Favourite CD maxi singles | Page 2 | The Popjustice Forum

Favourite CD maxi singles

Discussion in 'Comeback corner' started by torontodj, Apr 12, 2017.

  1. Possibly - possibly - my favourite. It only loses points for not having the single mix of the track on it. The two remixes are fantastic and I went out and immediately bought both albums and as many back singles as I could.

    nanafan likes this.
  2. You threw your CD singles away?


    That would be unthinkable for me. Probably why I am running out of space fast.
    Eric Generic likes this.
  3. A lot of my CD singles were the first to go when I needed to cull.
  4. And you have lived to regret it ever since!
  5. Not me!

    (Scouring amazon for old Elton John B-sides from the 90s and 00s that I used to have...)
    idratherjack likes this.
  6. I started collecting CD singles in 1993 (2 years before I actually had my own CD player, I was very late to the party!) and treasure my collection. Like @anfunny2003 the CD single will forever be my favourite format as I love a good remix. Those 90s halcyon days when every single came with 5 remixes including the obligatory Almighty mix were wonderful and my CD singles collection takes me right back to that time.

    One of my favourite maxi singles (which we didn't have in the UK but bear with me) is this


    3 club remixes of My Heart Will Go On and bonus remixes of Misled and Love Can Move Mountains.

    Celine was great for CD singles in the 90s actually, so many top notch remixes.
    Andy French and Eric Generic like this.
  7. [​IMG]

  8. [​IMG]
    Another early one, from June 1987....the full, unedited Monogamy Mix of I Want Your Sex (still the only place it's available?), plus Hard Day.
    Andy French and nlgbbbblth like this.
  9. Unless there was a boo-boo on this compilation the Monogamy mix was more recently available on here.
    Eric Generic likes this.
  10. This thread started of as a good idea and turned into 'favourite cd single' which is ok but doesn't have the added caché of why the extra tracks that came on the non-uk (nearly always from the US) maxi-singles made the disc special ...

    These maxi's usually had vinyl only mixes and alternative US club mixes or in some instances random tracks from previous releases not available on cd to make the disc value for money ...

    They usually always came in full sized jewel cases too ...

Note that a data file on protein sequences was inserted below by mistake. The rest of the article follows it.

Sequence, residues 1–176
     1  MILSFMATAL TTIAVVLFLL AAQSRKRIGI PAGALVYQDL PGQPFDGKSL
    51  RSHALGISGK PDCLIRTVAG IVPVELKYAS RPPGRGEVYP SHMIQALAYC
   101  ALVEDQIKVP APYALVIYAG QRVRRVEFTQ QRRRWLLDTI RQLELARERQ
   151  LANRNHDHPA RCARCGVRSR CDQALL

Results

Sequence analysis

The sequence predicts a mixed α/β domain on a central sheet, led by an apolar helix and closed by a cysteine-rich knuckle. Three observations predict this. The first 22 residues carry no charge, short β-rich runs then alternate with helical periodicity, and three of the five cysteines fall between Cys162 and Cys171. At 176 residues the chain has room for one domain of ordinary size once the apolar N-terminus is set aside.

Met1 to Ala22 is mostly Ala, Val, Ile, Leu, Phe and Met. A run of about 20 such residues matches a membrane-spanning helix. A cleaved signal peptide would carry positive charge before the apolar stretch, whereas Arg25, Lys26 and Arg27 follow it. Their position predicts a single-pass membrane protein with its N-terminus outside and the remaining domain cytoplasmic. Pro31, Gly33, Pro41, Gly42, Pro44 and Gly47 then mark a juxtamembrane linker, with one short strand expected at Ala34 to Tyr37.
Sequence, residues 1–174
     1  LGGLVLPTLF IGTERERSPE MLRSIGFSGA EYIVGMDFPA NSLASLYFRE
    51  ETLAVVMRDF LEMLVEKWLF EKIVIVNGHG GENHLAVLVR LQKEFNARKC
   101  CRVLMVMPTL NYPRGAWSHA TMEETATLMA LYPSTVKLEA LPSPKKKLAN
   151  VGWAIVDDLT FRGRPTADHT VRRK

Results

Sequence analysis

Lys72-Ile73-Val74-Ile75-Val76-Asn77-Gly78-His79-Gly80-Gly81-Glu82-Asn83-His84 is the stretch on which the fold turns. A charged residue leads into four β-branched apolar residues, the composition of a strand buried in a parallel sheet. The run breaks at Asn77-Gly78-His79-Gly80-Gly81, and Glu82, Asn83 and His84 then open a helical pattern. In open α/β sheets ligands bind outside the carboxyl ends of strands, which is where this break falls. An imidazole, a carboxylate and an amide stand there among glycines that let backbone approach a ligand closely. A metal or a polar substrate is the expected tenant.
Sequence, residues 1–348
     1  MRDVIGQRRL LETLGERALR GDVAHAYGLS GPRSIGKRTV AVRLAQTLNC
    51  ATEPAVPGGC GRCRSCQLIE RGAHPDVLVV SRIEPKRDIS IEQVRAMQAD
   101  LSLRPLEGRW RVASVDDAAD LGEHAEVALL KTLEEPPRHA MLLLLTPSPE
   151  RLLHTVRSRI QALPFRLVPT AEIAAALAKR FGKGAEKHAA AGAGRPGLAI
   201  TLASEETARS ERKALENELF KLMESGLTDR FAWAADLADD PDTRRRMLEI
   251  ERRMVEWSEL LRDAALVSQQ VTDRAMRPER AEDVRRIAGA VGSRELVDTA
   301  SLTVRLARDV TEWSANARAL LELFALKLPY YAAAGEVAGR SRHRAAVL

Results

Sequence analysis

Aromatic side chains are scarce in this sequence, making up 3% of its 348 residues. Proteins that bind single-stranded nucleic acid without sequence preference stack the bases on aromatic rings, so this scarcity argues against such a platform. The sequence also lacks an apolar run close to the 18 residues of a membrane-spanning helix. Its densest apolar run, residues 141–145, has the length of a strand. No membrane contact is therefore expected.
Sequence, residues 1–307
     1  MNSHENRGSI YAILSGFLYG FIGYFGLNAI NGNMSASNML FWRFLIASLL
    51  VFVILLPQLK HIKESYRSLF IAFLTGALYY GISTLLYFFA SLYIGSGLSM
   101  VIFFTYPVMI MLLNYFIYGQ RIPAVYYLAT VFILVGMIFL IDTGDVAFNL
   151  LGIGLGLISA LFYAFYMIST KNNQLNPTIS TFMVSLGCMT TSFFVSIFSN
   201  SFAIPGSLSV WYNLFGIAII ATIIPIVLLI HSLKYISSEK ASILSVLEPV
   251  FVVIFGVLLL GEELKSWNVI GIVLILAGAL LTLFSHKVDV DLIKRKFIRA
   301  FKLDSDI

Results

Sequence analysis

JamieJ73 and Eric Generic like this.
  11. Janet Jackson was good for the Maxi CD singles from the RN1814 era. I found a Black Cat one with about 37 different mixes, and a few of her other singles from that time are the same.
  12. We started getting maxis in late 2003 though, when labels started releasing a 2-track that would stay at £1.99 even beyond the first week, then a more expensive maxi, though they weren't always great value because they could still only include three different songs (but as many remixes up to 40 minutes). OCC changed the chart rules to encourage labels to release 2-tracks in the hope that sales would increase.

    Some of the dance labels like AATW put "MAXI CD" on the cover.
    Last edited: Apr 13, 2017
    Eric Generic likes this.
  13. I have a few of the Japanese ones - wow, they are amazing.

    Which would make a Rhythm Nation 1814 expanded reissue a nightmare because of all those mixes.
    Eric Generic and djessie like this.
  14. I found the UK chart rules here

    • 2004 -
      • Two new formats have been introduced:
      • The two-track CD single:
        • Two audio tracks only
        • No more than 10 minutes in total
        • Standardised singles jewel case packaging, no free gifts or extras, lower minimum dealer price
      • The "Maxi" CD/DVD:
        • Current maximum of three tracks will in addition be able to feature remixes of those tracks so long as they remain within the currently-acknowledged time limit of 20 minutes
        • Singles which solely feature a lead track plus multiple remixes of the same track will be able to run for up to 40 minutes
        • The current limit of one video will increase to two